Our motto THE ART THAT GETS UNDER YOUR SKIN is not a marketing trick chosen for no particular reason. It is our mission, our challenge and our purpose at every single moment of our daily activities in the Centre.
In this interview Snezana is sharing with us her memories of the way she had to pass to reach her goal and make her dream come true.
If you are at the beginning of a journey of your own, you will by all means find Snezana’s story very inspiring and encouraging
At the time when I came up with an idea to open what will be the first legal tattoo studio on the territory of the former Yugoslavia, in 1980s, this trade was a far cry from professionalism – in sanitary, aesthetic and many other terms. This was the case in the whole region, including Belgrade.
I realized that there was not a single place in the city or in the country, for that matter, where I would wish to have a tattoo done myself. There were no studios, no web sites. People worked at home, so the risks were considerable. Also, in contacts with people who already had tattoos, I learned that over 90% of them were dissatisfied. And they had every right to feel so. In those times most people suffered the consequences of their rashness and the poor choice of the tattoo master they had made.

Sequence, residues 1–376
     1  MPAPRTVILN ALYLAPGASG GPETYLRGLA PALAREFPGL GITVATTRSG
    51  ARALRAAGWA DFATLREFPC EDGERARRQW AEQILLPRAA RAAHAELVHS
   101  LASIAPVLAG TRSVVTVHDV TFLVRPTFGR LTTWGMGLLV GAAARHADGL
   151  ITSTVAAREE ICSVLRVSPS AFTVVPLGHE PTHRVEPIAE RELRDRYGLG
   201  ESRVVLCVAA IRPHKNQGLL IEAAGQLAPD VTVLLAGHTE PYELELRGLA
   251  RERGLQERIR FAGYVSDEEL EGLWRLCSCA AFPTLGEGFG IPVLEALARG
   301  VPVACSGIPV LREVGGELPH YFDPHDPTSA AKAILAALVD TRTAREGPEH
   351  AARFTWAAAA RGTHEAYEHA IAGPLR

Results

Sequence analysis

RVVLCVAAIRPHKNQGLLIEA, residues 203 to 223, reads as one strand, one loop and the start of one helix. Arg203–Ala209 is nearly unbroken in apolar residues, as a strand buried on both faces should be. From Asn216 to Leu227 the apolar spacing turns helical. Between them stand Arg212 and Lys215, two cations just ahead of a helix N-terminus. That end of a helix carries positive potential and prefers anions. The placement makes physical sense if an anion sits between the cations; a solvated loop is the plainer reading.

They knew what they wanted, but they had no opportunity to make their wishes come true. They were desperate. That is why it was crucial that someone competent should start to cover and improve so many poorly made tattoos.
It was very unusual that a woman should do this – at the time, there were only two women in this profession in the whole world! It went without saying that tattoos were done only by dangerous guys, bikers, soldiers and women of dubious character. Being both ‘normal’ and tattooed was not an option.Having all this in mind, I came up with an idea to establish the first legal studio of an open type, where I could correct, cover and improve a whole generation of poorly done tattoos. Little did I know that the time would come when tattoos would become a fashion and a trend that would be popular among people of all educational and social backgrounds, walks of life and age groups.